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Lives Told Well: The Best Obituaries

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Lives Told Well: The Best Obituaries

When it comes to obituaries, celebrities tend to grab the headlines. But every day obituary writers around the world find the extraordinary in the lives of ordinary people. Here’s a sampling of some of the best obituaries we’ve read recently.


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A brilliant and complicated man

How well do we know our nearest and dearest? A sister writes about her accomplished older brother and the many things she discovered about him after his death. It's a fascinating read.  

A man of unshakable conviction

Dad, like a type-cast character in a play, stepped from one type of service into another. Seamless somehow, he went from protecting and serving his country to protecting and serving his community.

My Dad became a Police Officer of the Reno Police Department when Reno was but a small town on an important road in the West, before the Interstate Highway System was real or gravel streets were thought worthy of paving and when individual, extraordinary men owned the glitzy casinos, and not corporations. Read more

"To my dear departed father"

With immense courage, you left everything you had known the first 41 years of your life, to begin from scratch in another country for the sake of your children's future.

In my grief, I am shaken by the totality of you. Your unquestionable love for your family. Your love of music. Your life-long love of learning. Your acceptance of everyone and refusal to judge or dismiss anyone. How much you enjoyed being with people, hearing and telling funny stories. I cannot stop hearing the sound of your laugh. The more I hear it, the harder I cry... Read more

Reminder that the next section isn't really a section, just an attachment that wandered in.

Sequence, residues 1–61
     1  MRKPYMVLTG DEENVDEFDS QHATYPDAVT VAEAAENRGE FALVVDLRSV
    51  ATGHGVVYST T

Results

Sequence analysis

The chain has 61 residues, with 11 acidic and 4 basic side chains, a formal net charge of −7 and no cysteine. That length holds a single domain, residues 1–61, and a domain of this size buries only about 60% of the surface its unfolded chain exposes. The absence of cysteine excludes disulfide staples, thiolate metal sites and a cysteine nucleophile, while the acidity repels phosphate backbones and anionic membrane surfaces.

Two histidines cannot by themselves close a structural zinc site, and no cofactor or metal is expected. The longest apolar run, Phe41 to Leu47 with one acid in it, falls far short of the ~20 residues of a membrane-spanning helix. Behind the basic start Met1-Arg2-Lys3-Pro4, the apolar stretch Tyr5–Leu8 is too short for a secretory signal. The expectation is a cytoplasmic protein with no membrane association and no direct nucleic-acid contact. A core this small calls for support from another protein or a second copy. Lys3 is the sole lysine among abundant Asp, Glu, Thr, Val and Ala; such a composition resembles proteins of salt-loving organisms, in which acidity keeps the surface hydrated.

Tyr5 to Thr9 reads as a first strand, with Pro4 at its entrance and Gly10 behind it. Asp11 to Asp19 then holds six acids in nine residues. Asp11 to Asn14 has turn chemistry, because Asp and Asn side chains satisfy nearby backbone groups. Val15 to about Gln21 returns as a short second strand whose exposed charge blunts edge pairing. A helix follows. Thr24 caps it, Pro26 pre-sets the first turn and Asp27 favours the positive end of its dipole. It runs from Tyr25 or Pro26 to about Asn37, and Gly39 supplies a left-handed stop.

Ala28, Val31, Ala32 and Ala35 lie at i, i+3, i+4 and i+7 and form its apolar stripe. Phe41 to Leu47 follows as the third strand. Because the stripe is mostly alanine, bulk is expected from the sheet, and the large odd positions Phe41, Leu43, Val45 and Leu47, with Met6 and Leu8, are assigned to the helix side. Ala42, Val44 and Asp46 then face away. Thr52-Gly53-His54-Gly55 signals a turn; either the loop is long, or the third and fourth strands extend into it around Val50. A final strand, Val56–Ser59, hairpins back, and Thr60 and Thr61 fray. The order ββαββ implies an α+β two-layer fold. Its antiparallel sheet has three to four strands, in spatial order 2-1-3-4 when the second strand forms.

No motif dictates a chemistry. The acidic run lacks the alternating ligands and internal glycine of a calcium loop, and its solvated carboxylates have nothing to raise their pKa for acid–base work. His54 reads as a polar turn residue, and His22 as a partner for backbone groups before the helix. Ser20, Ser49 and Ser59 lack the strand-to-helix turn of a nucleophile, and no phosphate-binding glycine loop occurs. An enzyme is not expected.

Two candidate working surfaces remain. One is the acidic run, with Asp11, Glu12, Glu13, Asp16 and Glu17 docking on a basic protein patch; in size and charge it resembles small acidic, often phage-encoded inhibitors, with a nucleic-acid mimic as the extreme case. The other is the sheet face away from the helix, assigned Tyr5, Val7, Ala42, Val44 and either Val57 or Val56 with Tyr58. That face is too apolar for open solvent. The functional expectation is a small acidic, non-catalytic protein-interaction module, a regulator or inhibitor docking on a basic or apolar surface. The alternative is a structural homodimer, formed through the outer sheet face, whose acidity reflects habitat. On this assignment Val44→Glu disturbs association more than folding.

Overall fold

Pioneering Tupperware manager Emma Lee Lewis 

Emma Lee Lewis was a closer. “Every woman out there can use something in my Tupperware bag,” she’d say. “I just need to find out what it is.” Read more

From U.S. internment to Korean War POW, Billy Kazuyoshi Hatano was a survivor 

“He spent seven of his first 23 years behind bars, first for being Japanese and then for being a U.S. soldier,” said his son, Brian Hatano. Read more

Frank ‘Boom’ Boomer used money to ‘pay it forward’ 

Sometimes when Erin Boomer was paying the bills, she couldn’t figure out why the checkbook balance was low. It turned out her husband Frank had dipped into the money to help out somebody who was behind on their mortgage or medical bills. Read more

Entrepreneur Elliott Royce was a remarkable retiree

At age 96, Elliott Royce attended trampoline class three times per week. The hobby fit with his retirement routine of falling five times every morning — just for practice. Read more

Pioneering educator at Pittsburgh schools

"Helen Faison was the woman we all wanted to be when we grew up," Pittsburgh public school superintendent Linda Lane said. "She was smart, she was kind, and she had a heart for children." Read more

School nurse Elva Reichenberger cared for needy children

Kids would line up out the door to see their school nurse, Elva Reichenberger, who always took the time to let them know they were loved. Read more

Hotel owner created Christmas lights extravaganza, enriched charities

Dick Richards was a successful businessman and hotelier, but his real passion was decorating for Christmas each year. Read more

Iva Withers, a Standby to the Rescue on Broadway 

If there were a Tony Award for best understudy, Iva Withers might well have won repeatedly during her nearly three decades on Broadway. Though she appeared in the first Broadway run of musicals like "Carousel," "Oklahoma!" and "Guys and Dolls," she never originated a starring role of her own. Read more